A football team in Liverpool wants more women and girls to join in an effort to give the men’s game a run for its money.
REMYCA FC are set on leading the Merseyside charge to diversify local football by attracting more females to take up the world’s leading sport.
This comes after a report released earlier this week stated that the Football Association, among other sporting organisations, should have at least 30% of its board members to be women.
This new national ruling also has implications for FA affiliated clubs as they are set to follow in the organisation’s footprints in the hope of transforming local junior football.
Anna Farrell, Liverpool County FA Football Development Officer for women and girls, told JMU Journalism: “Merseyside is such a passionate area for football and it’s fantastic to see more girls getting involved in the game.
“In the last FA Girls Football Week, we had over 1,500 girls aged from five years upwards participating in school lunchtime sessions, after-school clubs, festivals, club training sessions, matches, coaching courses etc, and we hope to double this number come the next Football Week.”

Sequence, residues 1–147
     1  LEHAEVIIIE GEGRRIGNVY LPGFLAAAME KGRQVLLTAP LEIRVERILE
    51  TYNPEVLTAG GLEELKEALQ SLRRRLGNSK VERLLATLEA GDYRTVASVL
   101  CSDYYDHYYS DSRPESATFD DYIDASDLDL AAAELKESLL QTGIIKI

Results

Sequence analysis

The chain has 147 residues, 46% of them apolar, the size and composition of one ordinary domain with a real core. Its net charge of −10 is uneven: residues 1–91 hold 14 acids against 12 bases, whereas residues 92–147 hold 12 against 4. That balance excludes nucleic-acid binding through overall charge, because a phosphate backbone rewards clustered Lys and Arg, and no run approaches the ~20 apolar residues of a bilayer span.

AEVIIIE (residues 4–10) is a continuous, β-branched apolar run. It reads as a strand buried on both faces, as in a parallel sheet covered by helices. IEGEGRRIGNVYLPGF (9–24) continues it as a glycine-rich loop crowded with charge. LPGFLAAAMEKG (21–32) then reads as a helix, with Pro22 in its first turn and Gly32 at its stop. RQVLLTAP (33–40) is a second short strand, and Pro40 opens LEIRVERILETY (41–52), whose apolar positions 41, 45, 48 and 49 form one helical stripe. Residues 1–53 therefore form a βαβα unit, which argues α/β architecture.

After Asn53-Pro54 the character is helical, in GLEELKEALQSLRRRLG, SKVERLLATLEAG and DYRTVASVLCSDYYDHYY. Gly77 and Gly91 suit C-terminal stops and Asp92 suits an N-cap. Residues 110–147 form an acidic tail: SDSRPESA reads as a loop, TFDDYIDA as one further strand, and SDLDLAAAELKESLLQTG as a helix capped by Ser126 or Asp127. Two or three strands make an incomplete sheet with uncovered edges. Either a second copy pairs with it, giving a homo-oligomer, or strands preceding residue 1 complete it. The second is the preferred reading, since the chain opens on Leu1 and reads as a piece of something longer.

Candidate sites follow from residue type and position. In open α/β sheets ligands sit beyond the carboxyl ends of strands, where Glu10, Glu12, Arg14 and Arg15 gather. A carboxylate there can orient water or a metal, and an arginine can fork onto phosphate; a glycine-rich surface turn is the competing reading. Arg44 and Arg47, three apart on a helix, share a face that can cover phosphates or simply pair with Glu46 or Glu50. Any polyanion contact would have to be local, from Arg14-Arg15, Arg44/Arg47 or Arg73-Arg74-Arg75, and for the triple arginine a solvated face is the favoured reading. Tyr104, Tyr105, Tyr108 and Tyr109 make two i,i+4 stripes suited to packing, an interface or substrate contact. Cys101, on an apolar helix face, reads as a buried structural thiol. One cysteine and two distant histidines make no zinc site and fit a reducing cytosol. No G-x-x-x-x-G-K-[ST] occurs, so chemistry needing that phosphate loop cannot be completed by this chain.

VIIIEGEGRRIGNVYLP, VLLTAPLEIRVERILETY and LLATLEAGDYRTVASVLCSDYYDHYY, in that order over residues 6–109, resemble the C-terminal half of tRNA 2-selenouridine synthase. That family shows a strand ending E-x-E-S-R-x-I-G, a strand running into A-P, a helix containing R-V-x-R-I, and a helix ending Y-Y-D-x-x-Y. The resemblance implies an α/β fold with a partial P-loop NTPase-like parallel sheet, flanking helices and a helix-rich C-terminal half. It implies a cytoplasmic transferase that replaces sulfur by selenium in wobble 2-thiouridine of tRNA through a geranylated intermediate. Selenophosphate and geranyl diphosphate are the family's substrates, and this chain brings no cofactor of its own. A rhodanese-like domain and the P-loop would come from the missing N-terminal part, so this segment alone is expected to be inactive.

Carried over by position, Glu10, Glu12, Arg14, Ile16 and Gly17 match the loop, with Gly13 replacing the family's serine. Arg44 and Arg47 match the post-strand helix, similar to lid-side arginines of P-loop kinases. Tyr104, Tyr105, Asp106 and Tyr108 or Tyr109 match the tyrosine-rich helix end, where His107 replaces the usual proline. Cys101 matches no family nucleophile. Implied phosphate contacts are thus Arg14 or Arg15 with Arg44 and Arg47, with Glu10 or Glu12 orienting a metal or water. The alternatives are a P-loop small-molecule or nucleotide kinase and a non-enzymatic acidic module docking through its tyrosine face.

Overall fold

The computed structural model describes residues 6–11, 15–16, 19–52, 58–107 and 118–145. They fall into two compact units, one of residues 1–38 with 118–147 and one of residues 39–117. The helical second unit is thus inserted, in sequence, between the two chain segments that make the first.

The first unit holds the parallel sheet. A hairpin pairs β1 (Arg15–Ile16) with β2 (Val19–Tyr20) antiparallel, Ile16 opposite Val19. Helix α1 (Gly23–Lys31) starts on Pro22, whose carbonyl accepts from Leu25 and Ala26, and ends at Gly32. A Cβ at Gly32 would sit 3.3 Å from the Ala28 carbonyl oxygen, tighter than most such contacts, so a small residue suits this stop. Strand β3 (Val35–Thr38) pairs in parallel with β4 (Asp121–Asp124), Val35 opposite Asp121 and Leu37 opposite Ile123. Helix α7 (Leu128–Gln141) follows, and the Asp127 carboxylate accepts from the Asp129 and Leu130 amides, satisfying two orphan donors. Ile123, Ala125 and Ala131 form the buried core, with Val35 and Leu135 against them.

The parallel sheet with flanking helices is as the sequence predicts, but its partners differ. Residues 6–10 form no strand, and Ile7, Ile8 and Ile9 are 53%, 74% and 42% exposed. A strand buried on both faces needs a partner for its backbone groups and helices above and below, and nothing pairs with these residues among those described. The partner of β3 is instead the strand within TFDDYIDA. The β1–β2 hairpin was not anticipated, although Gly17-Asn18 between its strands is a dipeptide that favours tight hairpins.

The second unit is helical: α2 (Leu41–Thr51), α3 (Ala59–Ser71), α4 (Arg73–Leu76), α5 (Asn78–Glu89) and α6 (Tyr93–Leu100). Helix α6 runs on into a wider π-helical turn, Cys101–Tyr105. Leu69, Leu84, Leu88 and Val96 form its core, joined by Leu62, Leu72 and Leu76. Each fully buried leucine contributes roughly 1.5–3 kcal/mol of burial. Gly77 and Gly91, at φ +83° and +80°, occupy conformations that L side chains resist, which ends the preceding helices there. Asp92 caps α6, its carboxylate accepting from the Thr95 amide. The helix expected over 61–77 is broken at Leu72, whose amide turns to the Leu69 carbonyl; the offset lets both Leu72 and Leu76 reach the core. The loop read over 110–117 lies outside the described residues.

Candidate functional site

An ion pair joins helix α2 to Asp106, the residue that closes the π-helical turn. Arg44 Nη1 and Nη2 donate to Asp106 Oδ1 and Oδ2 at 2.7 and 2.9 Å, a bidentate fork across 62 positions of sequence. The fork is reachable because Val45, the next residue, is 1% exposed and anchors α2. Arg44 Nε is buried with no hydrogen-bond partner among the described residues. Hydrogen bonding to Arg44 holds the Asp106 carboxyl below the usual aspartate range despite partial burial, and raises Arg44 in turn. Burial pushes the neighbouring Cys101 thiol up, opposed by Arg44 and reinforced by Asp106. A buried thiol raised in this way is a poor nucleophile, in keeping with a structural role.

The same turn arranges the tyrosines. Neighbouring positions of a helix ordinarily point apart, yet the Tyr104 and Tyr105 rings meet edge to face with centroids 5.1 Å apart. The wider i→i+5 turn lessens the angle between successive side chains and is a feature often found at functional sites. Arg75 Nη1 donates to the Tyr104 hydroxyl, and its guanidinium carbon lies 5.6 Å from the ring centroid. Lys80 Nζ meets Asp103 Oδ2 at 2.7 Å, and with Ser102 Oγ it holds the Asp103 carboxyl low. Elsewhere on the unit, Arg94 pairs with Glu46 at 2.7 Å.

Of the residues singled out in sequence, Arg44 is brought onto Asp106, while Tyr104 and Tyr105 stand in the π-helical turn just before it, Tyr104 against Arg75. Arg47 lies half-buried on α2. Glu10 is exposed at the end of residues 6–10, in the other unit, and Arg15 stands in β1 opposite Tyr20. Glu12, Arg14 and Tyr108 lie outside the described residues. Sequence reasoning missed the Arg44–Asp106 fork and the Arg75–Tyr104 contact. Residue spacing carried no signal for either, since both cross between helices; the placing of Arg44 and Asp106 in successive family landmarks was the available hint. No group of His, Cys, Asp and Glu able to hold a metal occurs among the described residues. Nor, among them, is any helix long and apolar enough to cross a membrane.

Colin Begbie, youth development coach for REMYCA FC Girls told JMU Journalism: “As a club whose ethos is very much based on a ‘Football For All’ philosophy it is great to see so many girls get involved within our club and football in general. It is important that as a community-based club we see increased participation, especially in areas such as girls football.
“Unfortunately, althoug, there has been an upturn in publicity in recent times, I cannot foresee the same support for the women’s game as you get with male football.”
Last year, the FA launched a new programme called “#wecanplay” which aimed to encourage 100,000 women and girls to get involved anyway they could with the beautiful game.
The Liverpool County FA adopted this campaign and has since seen a huge increase into the number of female teams across Merseyside, with figures showing Liverpool contributing to the nearly 1.5 million girls nationwide who are involved in some form of the sport.
Colin added: “It is important for us to involve more females in coaching and involved in the club generally. Football is perceived to be a male-dominated environment, but this need not be the case.
“Women have just as much to offer and in some cases, more to offer. We have only one female coach at the moment but would love more to get more involved.”